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Innovative applications make government more responsive

By Judith Lamont

Government agencies are meeting the needs of their customers, both within and outside of the organization, with expert systems and user-friendly electronic forms, innovative CRM applications and a host of other applications. The technologies improve efficiency for government organizations, as well as for citizens, whether they are federal users such as those described in this article, or state agencies like the Salt River Project.

One federal agency, for instance, is using expert systems to demystify forms. Ever since 9/11, employer compliance with regulations regarding foreign nationals in the United States has received closer scrutiny. To help small businesses comply with regulations from the Bureau of Customs and Immigration Services BCIS( formerly INS), the Small Business Administration SBA is providing online expert systems that assist in filling out application forms.

The I-9 Employment Eligibility Verification form, for example, is completed and kept on file by employers to show that workers have the proper documentation. The expert systems provided by SBA explain detailed instructions, validate data and make determinations of status in complex cases. BCIS provided the domain expertise that is embedded in the system. The SBA selected Exsys to supply the tools (Exsys Corvid) and knowledge engineering to build the system and several others for the BCIS on the SBA’s Business Law site.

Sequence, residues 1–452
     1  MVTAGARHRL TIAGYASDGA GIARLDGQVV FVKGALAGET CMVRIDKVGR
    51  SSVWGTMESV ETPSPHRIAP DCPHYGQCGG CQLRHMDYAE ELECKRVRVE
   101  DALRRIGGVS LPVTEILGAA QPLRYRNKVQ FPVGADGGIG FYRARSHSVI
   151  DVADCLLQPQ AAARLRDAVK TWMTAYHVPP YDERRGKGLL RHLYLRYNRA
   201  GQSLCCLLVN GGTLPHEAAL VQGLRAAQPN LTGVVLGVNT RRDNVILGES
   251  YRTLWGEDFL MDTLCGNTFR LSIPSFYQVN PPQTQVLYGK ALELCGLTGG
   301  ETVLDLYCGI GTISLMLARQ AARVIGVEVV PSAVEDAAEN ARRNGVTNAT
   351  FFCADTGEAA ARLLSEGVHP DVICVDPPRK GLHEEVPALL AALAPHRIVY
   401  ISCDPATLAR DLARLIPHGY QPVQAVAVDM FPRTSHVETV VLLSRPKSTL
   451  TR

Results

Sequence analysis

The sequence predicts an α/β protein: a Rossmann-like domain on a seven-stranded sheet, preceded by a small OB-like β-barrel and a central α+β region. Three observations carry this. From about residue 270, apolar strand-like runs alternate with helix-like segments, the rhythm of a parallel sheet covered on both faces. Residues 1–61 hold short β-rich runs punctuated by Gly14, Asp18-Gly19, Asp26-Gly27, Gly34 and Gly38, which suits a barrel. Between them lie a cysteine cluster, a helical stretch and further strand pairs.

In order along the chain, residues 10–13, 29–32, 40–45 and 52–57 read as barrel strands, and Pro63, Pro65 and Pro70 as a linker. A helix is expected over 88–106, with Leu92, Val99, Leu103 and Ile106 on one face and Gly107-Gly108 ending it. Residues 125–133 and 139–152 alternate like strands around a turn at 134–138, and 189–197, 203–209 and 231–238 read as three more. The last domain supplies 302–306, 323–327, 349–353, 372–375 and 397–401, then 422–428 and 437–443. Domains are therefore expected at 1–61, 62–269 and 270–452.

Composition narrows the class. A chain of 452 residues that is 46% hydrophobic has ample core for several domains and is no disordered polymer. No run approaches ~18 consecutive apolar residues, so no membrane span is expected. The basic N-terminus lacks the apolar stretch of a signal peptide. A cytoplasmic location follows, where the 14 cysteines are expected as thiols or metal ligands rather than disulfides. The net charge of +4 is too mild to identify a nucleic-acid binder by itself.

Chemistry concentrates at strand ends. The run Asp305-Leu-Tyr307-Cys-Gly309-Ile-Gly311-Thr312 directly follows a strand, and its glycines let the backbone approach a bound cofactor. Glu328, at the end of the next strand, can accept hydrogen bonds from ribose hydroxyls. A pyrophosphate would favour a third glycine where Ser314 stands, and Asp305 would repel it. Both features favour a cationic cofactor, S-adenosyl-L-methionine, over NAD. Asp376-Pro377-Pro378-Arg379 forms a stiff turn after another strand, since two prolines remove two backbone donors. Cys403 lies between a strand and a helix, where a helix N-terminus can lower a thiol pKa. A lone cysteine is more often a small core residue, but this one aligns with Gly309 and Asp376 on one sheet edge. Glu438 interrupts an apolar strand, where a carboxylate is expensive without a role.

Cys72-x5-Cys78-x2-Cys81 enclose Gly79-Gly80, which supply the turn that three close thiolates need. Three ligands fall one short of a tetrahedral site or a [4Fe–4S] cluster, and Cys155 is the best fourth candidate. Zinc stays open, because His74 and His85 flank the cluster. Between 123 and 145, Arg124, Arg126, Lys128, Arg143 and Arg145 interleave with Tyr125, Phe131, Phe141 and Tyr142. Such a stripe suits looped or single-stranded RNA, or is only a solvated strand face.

“The underlying logic of the form is relatively straightforward,” says Dustin Huntingon, Exsys president, “but there are many details that need to be addressed.” For example, the employer must indicate whether the worker is an employee or a contractor. The BCIS definition of an employee differs from that used by the Internal Revenue Service IRS, and also from that used by OSHA (Occupation Safety & Health Administration).

“These determinations are probabilistic and cannot easily be presented in HTML. The complexity of the rules makes an expert system a better solution,” adds Huntington. In addition, if some of the parameters of the rules change, they can easily be changed in the expert system, whereas if HTML were used, many pages would have to be recoded.